Today, with hotels, resorts and residences spread globally, Raffles has grown from a single hotel to a collection of addresses as diverse as a castaway island escape in the Maldives, an urban sky-rise in Istanbul and a revived historical icon in Warsaw. A sense of boundless possibility permeates the brand. “At the pinnacle of luxury,” says Stephen, “we are fortunate to be in a position to cut through the noise. We are working to inspire a new generation of hoteliers, as well as making sustainable practice a way of life in our organisation. Everything interacts like the parts of a well-balanced motor: design, technology, sustainability and the deceptively simple skill of making people feel genuinely cared for. Raffles’ visitors arrive as guests, leave as friends and return as family.”

Raffles will double its portfolio in the coming five years to world destinations such as Boston and Doha, each hotel carefully curated in its own right, sharing a common bond by remaining true to the spirit of Raffles – an oasis for the well-travelled, a place for “comfortable wonderment”. Those who channel that spirit are the lifeblood of every Raffles property, among them the butlers with their legendary openhearted service.

Stephen also refers to the “Raffles perspective” – the art of bringing a destination to life in ways that are relevant to guests. “We are part of the social fabric of our communities, and this comes with a responsibility to protect, enhance and reveal their cultural and natural heritage – in turn, creating an experience for our guests that is connected and personal, enabling them to discover a destination in their own time and way.”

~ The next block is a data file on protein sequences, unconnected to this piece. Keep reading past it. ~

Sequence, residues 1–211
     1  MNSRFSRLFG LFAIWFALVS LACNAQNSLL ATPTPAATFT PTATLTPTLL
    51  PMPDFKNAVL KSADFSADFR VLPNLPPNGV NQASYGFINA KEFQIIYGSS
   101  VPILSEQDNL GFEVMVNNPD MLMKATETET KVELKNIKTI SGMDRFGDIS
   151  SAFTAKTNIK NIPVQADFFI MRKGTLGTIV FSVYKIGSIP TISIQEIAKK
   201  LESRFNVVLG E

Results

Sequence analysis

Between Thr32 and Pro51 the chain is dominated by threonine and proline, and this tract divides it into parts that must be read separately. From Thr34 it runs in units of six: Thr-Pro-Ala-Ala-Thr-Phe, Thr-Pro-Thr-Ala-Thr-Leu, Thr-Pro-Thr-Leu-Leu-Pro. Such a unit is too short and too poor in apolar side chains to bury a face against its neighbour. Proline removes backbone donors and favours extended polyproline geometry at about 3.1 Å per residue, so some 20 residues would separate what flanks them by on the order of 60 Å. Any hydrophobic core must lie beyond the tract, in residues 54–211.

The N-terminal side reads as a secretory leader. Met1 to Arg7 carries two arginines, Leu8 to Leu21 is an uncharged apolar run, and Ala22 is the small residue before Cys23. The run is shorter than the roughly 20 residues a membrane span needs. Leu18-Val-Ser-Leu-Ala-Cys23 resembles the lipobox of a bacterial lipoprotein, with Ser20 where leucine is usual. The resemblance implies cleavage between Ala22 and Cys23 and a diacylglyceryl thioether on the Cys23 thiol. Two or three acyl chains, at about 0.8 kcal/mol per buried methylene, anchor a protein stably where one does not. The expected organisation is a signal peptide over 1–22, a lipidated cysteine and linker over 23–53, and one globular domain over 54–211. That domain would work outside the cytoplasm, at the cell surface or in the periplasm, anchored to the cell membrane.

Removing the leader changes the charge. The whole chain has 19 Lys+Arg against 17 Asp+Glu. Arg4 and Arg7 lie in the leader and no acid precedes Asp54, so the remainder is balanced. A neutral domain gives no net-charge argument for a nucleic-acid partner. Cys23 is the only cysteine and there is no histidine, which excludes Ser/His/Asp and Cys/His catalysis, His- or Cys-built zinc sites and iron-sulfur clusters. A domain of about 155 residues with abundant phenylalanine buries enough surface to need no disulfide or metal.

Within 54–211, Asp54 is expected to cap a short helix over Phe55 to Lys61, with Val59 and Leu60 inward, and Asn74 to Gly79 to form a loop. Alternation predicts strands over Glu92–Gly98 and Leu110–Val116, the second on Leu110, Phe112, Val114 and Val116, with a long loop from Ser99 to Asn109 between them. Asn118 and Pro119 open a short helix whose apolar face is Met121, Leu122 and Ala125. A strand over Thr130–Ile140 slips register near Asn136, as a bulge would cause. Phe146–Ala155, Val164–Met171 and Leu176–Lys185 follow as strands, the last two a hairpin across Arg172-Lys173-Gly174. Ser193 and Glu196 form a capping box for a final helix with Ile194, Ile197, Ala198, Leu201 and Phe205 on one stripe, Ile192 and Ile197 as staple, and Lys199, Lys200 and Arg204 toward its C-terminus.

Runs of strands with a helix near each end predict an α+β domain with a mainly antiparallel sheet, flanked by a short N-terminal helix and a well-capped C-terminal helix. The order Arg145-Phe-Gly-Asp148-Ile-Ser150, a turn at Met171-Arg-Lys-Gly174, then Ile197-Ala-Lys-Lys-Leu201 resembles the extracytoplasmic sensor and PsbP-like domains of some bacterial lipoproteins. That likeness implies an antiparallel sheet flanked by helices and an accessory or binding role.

Raffles has always been somewhere for people to gather and feel at the heart of a place, as it will when Raffles London opens in early 2023. The OWO is a British monument, echoing the splendour of its Singapore ancestor in a pleasing East-West symmetry. The former Old War Office is where politicians and generals steered a course through the first half of the 20th century, making it an important and defining location. Built in a trapezoid shape to take full advantage of an entire block, it has seven floors topped by four domes and features a series of sculptures representing peace, war, truth, justice, victory and fame.

The transformation of the building has seen a site excavation as deep as the building is high, adding a further four floors. Inside, a world of experiences awaits guests, residents and spa members. Three of the restaurants are being overseen by international master chef Mauro Colagreco, the Italian-Argentine founder of the three Michelin-starred Mirazur in France; while the rooftop terrace overlooking St James’s Park is sure to become a London destination in its own right. The wellbeing concept cleverly draws together the timeless elegance of Guerlain to oversee the spa, with exciting new movement and nutrition programmes curated by holistic specialist PILLAR.

It is an opening that is remarkable for its ambition. “No brand has ever become a legend without adopting a progressive attitude, in tune with – or even ahead of – the zeitgeist,” says Stephen.

“Raffles is re-energised, fusing its heritage with modern hotelcraft that is vitally in step with the contemporary lives of all those it serves. Raffles is about creating places where people want to be, and return to.”